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ERIC Number: ED263226
Record Type: Non-Journal
Publication Date: 1985-Jun
Pages: 49
Abstractor: N/A
Reference Count: N/A
ISBN: N/A
ISSN: N/A
Poverty in America: Trends and New Patterns.
O'Hare, William P.
Population Bulletin, v40 n3 Jun 1985
Over 35 million Americans were officially poor in 1983, 15.2 percent of the total population-the highest figures since the mid-1960s. Some attribute continued poverty to government social welfare policies. But poverty among the nonelderly is linked much more to economic trends. The number in poverty dropped from 39.5 million (22.4 percent of the population) in 1959 to a low of 23 million (11.1 percent of the population) in 1973, fluctuated with the economy to 1978, and then rose sharply. The 1978-83 rise was greatest among groups with traditionally lower poverty rates who were harder hit by deep recession and unemployment in the early 1980s--younger adults of working age and their children, male-headed families, and Whites. With economic recovery in 1984, the 1984 poverty rate should be lower than 1983's. The bulk of increased federal social spending since the mid-1960s has gone to the elderly, whose poverty rate plunged from 35.2 to 14.1 percent between 1959 and 1983. The value of "means-tested" Aid to Families with Dependent Children payments and food stamps fell 22 percent between 1972 and 1984. In 1983, the poverty rate of Blacks was 36 percent versus 12 percent for Whites, and 40.5 percent in female-headed versus 9.3 percent in male-headed families. The dearth of "marriageable" Black men appears more important than welfare in explaining the increase in poor Black female-headed families. Welfare is still needed for vulnerable groups, but poverty and expenditures could be reduced in the long run by expanded government-sponsored job training and educational programs. (Author/CMG)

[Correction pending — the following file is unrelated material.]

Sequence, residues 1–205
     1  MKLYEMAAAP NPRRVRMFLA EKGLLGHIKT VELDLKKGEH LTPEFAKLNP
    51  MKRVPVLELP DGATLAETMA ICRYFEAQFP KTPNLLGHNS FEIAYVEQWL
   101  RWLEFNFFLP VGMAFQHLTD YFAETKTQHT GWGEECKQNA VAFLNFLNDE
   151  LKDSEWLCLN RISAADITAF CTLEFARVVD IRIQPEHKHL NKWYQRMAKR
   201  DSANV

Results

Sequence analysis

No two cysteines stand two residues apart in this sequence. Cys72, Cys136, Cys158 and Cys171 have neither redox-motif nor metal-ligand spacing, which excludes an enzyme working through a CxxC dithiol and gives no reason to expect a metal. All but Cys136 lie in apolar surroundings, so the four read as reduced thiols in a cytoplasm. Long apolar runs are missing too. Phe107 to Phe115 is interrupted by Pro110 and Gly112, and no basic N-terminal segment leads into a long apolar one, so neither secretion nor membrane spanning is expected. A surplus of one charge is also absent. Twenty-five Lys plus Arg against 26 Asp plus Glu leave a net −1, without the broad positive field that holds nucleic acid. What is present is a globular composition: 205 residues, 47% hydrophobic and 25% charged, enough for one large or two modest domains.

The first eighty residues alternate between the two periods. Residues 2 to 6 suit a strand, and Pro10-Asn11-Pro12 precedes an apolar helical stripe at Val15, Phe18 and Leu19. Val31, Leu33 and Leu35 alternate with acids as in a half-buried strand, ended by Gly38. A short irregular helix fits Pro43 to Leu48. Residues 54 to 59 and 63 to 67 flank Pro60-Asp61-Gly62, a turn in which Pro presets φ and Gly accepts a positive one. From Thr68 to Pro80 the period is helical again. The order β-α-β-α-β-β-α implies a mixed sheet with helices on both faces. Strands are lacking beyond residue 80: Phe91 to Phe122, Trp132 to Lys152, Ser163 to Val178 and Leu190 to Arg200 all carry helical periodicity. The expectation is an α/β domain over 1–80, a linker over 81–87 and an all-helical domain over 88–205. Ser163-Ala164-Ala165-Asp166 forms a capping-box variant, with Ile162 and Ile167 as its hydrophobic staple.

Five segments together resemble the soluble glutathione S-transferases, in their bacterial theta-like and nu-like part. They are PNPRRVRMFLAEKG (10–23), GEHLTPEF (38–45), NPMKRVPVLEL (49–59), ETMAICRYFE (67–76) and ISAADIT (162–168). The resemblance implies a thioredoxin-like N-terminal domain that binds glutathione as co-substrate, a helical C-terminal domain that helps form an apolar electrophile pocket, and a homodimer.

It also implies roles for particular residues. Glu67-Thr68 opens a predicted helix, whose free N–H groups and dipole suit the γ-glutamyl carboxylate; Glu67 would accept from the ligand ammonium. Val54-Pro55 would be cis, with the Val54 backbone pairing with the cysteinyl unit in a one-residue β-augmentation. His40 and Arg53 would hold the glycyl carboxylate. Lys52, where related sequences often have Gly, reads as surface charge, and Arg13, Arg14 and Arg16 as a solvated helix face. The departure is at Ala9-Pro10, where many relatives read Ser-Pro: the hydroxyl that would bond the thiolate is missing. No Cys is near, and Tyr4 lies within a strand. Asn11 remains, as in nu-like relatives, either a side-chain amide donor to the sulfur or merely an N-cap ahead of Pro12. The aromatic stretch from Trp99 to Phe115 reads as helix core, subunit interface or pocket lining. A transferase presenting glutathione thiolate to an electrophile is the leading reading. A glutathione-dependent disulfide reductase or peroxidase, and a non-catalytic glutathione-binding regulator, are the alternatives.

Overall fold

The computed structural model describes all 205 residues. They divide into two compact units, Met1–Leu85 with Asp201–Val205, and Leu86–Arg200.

Publication Type: Opinion Papers; Reports - General
Education Level: N/A
Audience: N/A
Language: English
Sponsor: N/A
Authoring Institution: Population Reference Bureau, Inc., Washington, DC.